Exposing the seen: a book of snapshots
Beware nostalgia’s elaborate snare – its tempting surfaces of gloss will tighten time around us. Each morning, I hold aloft an infant image of us, as you baptize her new again. Let stillness fall from her, I chant, ripen her vulnerability. The revival music you are playing on our old jukebox is luring an unusual number of souls from my secret neighborhood.
I only recently picked up a copy, so I’m a bit late to the game on Berkeley, California poet and publisher Rusty Morrison’s collection Book of the given (Las Cruces NM: Noemi Press, 2011). Composed as a kind of call-and-response, she alternates, five against five, short lyric sequences against trilogies of self-contained prose poems, writing on intimacy, sex and the pure landscape of the interior, all while moving through and with lines by the late French philosopher George Bataille (1897-1962). I’m fascinated by the way that Morrison incorporates Bataille’s lines, and Morrison’s lines move in a combination of music and water, an uninterrupted, continuous lyric flow that is quite lovely to imagine read aloud. In my copy, an underlined passage from “Sentenced by the script: Bataille” reads: “Eroticism as seen by the objective intelligence is something / monstrous, just like religion.” Earlier in the same sequence, I’m also struck by: “The way my hand must remove its layer of invisibility / to touch your face. I want to touch it. / To make that want, to meet it / is something monstrous, just like religion. Eroticism and religion [.]” Attempting to look up information on the book online, I wonder: why did this book not receive more attention?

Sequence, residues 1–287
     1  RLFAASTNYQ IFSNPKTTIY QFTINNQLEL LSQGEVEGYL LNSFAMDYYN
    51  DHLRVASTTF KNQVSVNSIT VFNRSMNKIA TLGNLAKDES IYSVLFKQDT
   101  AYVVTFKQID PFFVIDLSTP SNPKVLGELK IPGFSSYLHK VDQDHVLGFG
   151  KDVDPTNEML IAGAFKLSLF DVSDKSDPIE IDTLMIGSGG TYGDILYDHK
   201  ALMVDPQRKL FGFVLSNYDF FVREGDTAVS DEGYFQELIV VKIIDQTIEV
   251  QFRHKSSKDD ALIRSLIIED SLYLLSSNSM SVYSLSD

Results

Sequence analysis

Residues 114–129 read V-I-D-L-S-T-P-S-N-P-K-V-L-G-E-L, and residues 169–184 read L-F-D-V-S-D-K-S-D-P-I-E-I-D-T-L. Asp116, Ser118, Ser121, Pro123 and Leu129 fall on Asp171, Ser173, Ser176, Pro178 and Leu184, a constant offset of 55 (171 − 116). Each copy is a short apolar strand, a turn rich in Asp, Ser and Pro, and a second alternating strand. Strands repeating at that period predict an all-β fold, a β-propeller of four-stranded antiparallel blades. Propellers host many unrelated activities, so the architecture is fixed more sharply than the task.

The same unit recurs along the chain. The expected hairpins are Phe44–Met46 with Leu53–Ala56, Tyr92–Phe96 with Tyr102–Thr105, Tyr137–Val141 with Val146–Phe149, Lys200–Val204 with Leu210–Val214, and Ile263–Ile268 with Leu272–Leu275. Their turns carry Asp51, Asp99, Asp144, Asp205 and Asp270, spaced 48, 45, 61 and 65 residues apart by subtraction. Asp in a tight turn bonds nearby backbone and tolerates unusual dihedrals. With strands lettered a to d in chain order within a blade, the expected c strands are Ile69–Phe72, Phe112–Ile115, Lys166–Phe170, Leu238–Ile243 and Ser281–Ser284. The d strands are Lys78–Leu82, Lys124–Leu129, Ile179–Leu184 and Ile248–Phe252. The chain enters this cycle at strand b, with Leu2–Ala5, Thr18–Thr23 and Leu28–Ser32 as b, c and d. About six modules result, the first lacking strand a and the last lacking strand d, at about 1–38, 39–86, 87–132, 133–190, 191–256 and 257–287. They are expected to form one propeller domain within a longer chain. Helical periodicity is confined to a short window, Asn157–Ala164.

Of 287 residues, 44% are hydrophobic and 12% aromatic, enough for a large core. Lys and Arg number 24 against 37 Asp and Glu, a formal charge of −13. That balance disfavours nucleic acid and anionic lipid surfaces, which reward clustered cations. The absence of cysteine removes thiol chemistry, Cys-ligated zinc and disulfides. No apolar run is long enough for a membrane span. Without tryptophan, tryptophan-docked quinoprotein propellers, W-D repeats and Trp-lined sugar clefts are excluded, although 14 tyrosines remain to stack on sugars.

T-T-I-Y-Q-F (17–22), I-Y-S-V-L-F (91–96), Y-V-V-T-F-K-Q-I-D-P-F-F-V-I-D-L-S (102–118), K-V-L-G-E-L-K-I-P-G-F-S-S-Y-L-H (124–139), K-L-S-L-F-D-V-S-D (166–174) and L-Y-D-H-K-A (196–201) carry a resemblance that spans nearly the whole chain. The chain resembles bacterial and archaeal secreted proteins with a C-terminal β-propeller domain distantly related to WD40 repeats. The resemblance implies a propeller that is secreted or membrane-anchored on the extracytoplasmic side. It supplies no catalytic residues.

I am nearly sick with child-haste.
Where have I put her this time? Doll in a box. Doll
in my lips, belly, breasts?
What will I offer you now? Nervous as a kneeling supplicant
at the bishop’s door. Bishop
in both of us, brooding, turning
his eyes round me as though I were the trick of perspective.
Every object I am
is the rupturing it is built on
– still you don’t understand, though I come dressed
in several hints. My little song-skirt, call it
set to the tone poem of odorous ripening. I make you
a little noise in my throat, under-heard,
which increases its intensity in proportion to
my feigned disinterest. (“Assembled by the script: Bataille”)